From start to finish, a whiff of panic lingered over the way the Big Bash League and its clubs handled AB de Villiers‘ brief and ultimately dead end flirtation with the tournament. As the most game-changing addition to Australian cricket, and indeed sport, in well over a decade, the BBL deserved better than to play host to a saga that had no winners.
Whether it was Cricket Australia, the clubs or their broadcasters Seven and Fox Sports/News Corp, the eagerness to secure de Villiers after he declined to take part in the tournament last season seemed motivated as much by worry about the summer to come as it was by robust belief in the strength of the competition that already exists.
De Villiers and his management, having fielded offers by more than half the clubs, indicated on Friday that he was no longer interested, providing no concrete reasons other than to complain about the “repeated media leaks” about his interest and then the terms by which he would be secured.
Given the length of the tournament, the constraints of the BBL salary cap and the close proximity of news that Australia’s best white-ball players would be away in India for an ODI tour during much of January, thus depriving the league of much of its best homegrown talent, the sense that it was “AB or bust” left plenty of questions hanging in the air.
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For one thing, the sort of money that needed to be cobbled together, via the successful club, CA’s marketing funds and the broadcasters – both of whom were involved in discussions around signing de Villiers to “value-add” deals to help get him to the figure he desired – made a mockery of the payments usually available to players taking part in the tournament, while raising the issue of whether de Villiers would be in Australia as a cricketer or a billboard.
A figure in the region of A$350,000 for a handful of games made even the headlining five-year, A$1 million deal signed by Chris Lynn with the Brisbane Heat in 2017 look puny. Global market pressures from the BPL and elsewhere forced CA, the clubs and broadcasters to raise their eyes above the usual sorts of deals, but there were plenty of voices questioning the integrity of an arrangement that would allow the successful – most likely major market – club to benefit from one player being paid so much outside the cap in broad daylight.
Not for the first time, tails seemed to be wagging dogs. The first indications of de Villiers coming to Australia only became apparent after it was clear that the BCCI would insist on a tour of India in mid-January, duly depriving Fox Sports of the exclusive ODI content on home soil it had paid the lion’s share of a A$1.18 billion rights deal to secure. ESPNcricinfo understands that broadcasters were contacted and asked to put in lucrative commentary offers to de Villiers’ management by way of sweetening the deal, this after CA had itself written to the clubs to indicate it was willing to put in extra funds in the region of A$50,000 to help add ballast to any club’s offer.
Such exchanges bore the stamp not of the maturing and successful league that the BBL now is, but instead of the nascent exhibition tournament that it was eight years ago. Back then in 2011, similar package deals ensured Shane Warne and Kevin Pietersen, to name two, were secured as high profile talent.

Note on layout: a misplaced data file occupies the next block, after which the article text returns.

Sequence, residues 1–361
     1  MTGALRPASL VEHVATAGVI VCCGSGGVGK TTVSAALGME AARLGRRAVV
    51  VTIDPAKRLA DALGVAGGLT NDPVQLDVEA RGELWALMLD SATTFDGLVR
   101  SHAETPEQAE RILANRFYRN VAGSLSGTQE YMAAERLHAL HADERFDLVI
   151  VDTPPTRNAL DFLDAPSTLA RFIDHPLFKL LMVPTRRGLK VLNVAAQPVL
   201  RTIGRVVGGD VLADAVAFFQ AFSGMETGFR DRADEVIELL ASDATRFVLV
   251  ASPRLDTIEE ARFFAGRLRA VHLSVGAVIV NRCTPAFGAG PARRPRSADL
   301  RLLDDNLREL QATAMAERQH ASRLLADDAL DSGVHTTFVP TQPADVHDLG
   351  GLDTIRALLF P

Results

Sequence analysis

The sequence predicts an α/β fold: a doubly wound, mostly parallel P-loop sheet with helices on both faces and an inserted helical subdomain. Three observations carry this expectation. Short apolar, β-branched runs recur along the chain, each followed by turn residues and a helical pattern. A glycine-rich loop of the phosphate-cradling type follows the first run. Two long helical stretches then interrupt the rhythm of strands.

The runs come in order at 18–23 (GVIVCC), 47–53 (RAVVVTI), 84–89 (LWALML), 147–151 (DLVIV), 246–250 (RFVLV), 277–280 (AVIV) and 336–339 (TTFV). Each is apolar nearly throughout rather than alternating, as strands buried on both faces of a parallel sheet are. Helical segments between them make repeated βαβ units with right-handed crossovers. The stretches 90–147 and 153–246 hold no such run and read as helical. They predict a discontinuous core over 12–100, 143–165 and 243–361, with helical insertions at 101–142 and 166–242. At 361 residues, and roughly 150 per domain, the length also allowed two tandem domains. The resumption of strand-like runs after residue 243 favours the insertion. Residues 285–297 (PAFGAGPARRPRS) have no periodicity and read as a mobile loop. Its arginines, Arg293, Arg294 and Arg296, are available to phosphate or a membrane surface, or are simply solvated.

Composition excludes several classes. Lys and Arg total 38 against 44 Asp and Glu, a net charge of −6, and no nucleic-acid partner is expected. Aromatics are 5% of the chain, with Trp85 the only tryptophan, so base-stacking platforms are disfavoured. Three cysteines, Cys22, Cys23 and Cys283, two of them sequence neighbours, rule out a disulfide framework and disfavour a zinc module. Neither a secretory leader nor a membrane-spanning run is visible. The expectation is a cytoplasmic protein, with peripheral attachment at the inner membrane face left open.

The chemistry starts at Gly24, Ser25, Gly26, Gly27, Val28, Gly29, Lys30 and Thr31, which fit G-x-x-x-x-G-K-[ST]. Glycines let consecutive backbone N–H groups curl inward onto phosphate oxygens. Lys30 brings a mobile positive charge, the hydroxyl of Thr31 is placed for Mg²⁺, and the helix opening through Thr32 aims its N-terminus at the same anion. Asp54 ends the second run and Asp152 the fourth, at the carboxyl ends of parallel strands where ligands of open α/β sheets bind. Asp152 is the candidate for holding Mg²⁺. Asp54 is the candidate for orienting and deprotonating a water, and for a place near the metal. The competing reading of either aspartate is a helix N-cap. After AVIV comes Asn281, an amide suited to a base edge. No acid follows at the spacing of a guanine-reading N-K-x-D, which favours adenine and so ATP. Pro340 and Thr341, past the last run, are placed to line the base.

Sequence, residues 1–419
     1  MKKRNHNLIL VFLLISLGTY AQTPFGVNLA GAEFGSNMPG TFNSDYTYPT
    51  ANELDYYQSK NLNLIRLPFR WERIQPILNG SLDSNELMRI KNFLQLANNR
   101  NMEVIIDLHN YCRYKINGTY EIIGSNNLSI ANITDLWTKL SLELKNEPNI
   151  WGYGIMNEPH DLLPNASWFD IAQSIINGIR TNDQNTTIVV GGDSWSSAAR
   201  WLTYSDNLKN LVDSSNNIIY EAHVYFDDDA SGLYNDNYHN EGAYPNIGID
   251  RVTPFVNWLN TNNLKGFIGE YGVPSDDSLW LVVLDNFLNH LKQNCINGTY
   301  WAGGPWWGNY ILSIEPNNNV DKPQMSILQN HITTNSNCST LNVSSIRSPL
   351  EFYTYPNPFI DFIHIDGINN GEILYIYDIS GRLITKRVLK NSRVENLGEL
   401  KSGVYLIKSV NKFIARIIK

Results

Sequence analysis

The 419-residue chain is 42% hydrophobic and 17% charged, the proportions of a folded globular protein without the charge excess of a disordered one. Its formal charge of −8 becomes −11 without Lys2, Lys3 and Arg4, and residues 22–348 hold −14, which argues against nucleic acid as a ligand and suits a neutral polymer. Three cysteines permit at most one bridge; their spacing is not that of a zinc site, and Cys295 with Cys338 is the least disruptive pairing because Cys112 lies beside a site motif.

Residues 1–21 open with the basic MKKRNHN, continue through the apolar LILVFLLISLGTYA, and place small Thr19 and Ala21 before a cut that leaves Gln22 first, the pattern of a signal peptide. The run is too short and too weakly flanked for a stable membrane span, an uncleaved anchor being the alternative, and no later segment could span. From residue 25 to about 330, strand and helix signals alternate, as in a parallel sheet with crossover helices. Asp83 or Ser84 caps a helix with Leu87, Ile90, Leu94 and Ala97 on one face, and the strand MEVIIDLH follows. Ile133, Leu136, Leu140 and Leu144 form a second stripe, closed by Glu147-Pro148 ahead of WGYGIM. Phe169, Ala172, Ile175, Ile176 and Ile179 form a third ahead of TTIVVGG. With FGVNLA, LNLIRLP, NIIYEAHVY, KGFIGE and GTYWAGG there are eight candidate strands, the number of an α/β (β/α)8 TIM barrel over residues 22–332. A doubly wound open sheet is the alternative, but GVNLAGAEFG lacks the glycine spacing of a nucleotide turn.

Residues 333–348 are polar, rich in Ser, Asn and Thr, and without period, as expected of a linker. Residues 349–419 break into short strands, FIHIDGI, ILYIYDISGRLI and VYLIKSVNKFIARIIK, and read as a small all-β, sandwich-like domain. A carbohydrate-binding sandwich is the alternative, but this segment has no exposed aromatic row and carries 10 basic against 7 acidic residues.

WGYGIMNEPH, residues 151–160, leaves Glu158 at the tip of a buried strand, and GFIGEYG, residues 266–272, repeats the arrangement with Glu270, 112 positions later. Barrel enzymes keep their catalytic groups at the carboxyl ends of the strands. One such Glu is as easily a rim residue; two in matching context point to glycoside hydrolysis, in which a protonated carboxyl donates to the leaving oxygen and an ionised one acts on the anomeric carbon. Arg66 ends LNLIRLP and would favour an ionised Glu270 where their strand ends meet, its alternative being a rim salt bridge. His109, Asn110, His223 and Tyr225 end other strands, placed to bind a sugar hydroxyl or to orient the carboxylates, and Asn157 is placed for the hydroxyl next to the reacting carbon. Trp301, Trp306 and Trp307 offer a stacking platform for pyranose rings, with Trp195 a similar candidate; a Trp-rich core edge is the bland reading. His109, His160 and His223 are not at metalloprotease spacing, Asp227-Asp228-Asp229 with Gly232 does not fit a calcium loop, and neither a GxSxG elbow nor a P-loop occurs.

Elsewhere Chris Gayle was attracted to the Sydney Thunder on a deal that was believed to constitute near enough to half the club’s entire salary cap. Entering season number eight, having grown from a start-up as part of Fox Sports’ then modest domestic rights deal to being worth roughly half of the total $1.18 billion rights value, the BBL really should be past such dealings.
Imagine, for a moment, a salary capped league such as the AFL in which broadcasters were approached to offer extra money outside the cap to a particular player to ensure their arrival at a club in the league’s preferred market. While the constraints of the BBL cap are determined as much by CA’s wider strategic goal of maintaining the primacy of international cricket as by any cash shortage, there has to be a more systematic and professional way to go about things.
That, of course, is if the BBL is to be viewed as a league with genuine club support, and not an exhibition tournament where the overall “product” watched by as many viewers as possible regardless of the competing teams or their context means more than anything. This tension has been evident in discussions about the shape of the competition for next season, from whether the finals series should include the current four teams or be raised to five out of eight, as well as the aforementioned issues around marquee recruitment.
Undoubtedly the exponential increase in the number of games per team has created problems, but so too the vagaries of pitches such as problematic drop-ins at Docklands Stadium – home to the Melbourne Renegades – and the Sydney Showgrounds – home to the Thunder.
Among the most intriguing learnings from last summer was that some of the biggest television ratings for the entire tournament took place when the Heat’s Ben Cutting and Max Bryant laid waste to the Melbourne Stars by chasing down 156 inside 10 overs – an audience not for a contest, but for freakishly big hitting.
That sort of display was most certainly in the minds of all those parties working to get de Villiers to Australia. In their future decisions, the integrity and longer term growth of a competition must take greater precedence. All the scrambling made the BBL look less like the biggest addition to cricket down under in decades, and more like a league struggling to stay afloat.